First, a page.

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Key Takeaways:

  • People can become emotionally vulnerable if their basic physical needs are not met.
  • DBT PLEASE skills teach us how to address our physical needs in order to regulate our emotions more effectively.

Being emotionally vulnerable can be an uncomfortable feeling. We may sometimes feel sensitive, emotionally charged, or on edge. These can lead to negative coping skills, feeling overwhelmed by negative emotions, or reacting impulsively. Fortunately, the DBT PLEASE skills are here to help reduce that emotional vulnerability. Addressing your basic needs and leading a balanced lifestyle can help you maintain emotional stability during times of stress. Here’s how these skills work:

What are PLEASE Skills in DBT?

In dialectic behavioral therapy or DBT, there are certain skills that individuals learn in order to improve their quality of life. One of those skills is emotion regulation, which allows us to live more balanced lives. A way to teach this is by using the DBT PLEASE skills. These techniques allow patients or clients to learn how to take care of their body’s most basic physical needs.

It can be easy to neglect or overlook our physical needs, but once they are taken care of, it becomes easier to regulate our emotions and make healthier decisions. PLEASE is an acronym that serves as a reminder of the different aspects of taking care of oneself. Learning what this acronym stands for and how to implement it in your life can help you become healthier and happier overall. It can also help you improve your interpersonal effectiveness, which allows you to have more fulfilling and meaningful relationships.

Here are the PLEASE skills in DBT and what they stand for:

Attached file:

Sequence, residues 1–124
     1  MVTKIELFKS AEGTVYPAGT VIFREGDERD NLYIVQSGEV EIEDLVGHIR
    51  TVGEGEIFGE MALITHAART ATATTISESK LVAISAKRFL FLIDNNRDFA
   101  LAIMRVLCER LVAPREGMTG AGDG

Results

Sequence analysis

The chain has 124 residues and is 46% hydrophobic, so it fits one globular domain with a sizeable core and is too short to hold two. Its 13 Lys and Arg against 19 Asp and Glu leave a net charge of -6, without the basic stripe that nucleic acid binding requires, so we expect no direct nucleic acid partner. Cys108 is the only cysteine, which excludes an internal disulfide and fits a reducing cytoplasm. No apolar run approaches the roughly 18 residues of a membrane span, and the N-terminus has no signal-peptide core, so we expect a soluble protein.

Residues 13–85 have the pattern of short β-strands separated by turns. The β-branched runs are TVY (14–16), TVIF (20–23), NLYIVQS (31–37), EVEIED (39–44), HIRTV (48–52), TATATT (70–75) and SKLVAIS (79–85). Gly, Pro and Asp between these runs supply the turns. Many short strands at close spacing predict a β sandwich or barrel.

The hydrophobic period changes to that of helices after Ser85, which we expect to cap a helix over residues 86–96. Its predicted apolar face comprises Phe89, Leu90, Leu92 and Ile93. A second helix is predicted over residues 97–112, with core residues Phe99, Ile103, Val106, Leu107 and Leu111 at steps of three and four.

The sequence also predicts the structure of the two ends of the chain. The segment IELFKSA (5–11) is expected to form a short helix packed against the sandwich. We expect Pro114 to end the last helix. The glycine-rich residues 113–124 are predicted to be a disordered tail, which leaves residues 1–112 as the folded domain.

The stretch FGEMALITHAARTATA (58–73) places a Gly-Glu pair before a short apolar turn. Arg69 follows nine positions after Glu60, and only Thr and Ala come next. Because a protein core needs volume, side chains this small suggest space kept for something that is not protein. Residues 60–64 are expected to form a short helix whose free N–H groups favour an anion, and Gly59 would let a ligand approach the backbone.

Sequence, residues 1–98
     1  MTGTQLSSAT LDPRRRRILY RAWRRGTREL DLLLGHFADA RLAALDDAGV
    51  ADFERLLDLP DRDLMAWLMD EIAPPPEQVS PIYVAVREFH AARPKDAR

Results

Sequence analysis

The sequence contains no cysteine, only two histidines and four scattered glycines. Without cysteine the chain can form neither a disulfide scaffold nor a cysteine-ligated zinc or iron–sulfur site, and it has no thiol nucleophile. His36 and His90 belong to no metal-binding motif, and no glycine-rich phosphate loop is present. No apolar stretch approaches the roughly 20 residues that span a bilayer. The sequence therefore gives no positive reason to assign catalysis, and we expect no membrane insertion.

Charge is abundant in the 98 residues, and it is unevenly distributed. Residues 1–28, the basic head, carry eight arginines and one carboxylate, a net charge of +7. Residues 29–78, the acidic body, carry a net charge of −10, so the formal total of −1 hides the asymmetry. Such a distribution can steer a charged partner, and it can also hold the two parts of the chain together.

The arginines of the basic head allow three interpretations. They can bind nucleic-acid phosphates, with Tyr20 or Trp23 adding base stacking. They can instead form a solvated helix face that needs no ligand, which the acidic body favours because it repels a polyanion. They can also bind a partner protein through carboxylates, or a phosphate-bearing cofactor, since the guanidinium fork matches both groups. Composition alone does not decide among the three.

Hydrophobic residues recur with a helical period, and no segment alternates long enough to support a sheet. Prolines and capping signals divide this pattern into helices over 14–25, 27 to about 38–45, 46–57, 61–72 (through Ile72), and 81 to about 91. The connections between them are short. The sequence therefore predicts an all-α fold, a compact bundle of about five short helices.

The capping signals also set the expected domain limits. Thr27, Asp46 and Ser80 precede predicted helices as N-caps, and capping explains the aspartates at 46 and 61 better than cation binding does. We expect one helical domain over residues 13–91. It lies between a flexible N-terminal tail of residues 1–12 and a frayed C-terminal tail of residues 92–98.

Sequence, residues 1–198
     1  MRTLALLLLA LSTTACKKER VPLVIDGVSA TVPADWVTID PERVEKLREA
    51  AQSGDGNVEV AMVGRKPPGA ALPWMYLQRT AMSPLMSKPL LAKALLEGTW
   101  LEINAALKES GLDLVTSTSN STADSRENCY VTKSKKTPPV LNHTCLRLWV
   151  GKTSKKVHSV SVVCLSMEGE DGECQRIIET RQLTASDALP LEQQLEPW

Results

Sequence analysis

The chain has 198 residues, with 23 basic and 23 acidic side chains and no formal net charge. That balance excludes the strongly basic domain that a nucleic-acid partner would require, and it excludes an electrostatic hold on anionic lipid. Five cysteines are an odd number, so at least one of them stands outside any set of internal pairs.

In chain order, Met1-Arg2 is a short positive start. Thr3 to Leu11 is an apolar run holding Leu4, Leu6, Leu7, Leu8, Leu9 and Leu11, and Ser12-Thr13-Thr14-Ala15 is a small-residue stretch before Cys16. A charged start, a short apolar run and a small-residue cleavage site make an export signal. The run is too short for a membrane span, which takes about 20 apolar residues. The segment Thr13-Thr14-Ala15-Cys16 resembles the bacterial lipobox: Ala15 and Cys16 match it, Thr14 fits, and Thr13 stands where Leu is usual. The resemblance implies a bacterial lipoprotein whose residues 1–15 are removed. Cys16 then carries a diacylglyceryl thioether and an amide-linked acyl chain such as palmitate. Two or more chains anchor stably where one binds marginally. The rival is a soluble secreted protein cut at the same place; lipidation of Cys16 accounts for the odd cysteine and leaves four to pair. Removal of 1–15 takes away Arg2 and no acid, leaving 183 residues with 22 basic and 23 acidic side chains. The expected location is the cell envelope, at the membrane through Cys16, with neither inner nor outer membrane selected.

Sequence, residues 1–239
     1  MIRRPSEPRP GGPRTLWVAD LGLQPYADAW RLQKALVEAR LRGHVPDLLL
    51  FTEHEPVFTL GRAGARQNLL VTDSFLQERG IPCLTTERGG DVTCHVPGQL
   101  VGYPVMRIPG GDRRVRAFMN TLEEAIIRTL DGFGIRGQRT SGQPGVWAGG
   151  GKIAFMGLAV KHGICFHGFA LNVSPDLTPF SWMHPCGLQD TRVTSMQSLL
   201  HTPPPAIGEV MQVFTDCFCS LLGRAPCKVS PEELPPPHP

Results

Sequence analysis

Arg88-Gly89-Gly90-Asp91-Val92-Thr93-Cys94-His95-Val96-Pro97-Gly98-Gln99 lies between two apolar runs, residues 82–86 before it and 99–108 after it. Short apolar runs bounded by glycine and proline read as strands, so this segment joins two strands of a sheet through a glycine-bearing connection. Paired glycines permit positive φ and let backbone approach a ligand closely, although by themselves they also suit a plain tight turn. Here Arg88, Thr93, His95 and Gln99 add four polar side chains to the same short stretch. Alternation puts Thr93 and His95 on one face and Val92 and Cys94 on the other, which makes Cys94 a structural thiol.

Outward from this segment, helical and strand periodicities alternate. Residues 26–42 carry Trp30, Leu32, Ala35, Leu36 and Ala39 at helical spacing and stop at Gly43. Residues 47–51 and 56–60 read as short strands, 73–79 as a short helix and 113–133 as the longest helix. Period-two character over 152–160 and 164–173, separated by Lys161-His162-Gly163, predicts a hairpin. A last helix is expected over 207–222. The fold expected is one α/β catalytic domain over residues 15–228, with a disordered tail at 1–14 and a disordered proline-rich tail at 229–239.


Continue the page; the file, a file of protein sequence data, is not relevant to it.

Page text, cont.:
PL: Treat Physical Illness

Studies have shown that there is a strong link between physical and mental health [*]. If you are physically unwell, then it can make decision-making and emotional regulation much more difficult. Treating any physical ailments is the first priority in taking care of yourself.

E: Balance Your Eating

Eating a balanced diet is an essential part of the PLEASE skill. When you provide your body with the nourishment that it needs, it becomes easier to cope and regulate with stressful situations. Balancing your eating does not necessarily mean going on an extremely strict meal plan all at once. Starting with small and manageable steps is the key. This will also make your diet more sustainable and easier to adhere to.

A: Avoid Mind-Altering Substances

Avoiding the use of mind-altering substances is important for good health and emotional regulation, especially for people with mental health conditions like depression or anxiety. Such substances include alcohol, caffeine nicotine, and illegal drugs. These mind-altering substances can make it difficult to cope effectively, so it is best to avoid them and stick to the medications prescribed by your doctor.

S: Get Enough Sleep

An irregular sleep cycle can affect your health negatively. Some people may be lacking in sleep while others sleep excessively — both can throw your physical and mental health off-balance. Finding a healthy balance is essential to give your mind the rest it needs to regulate emotions properly.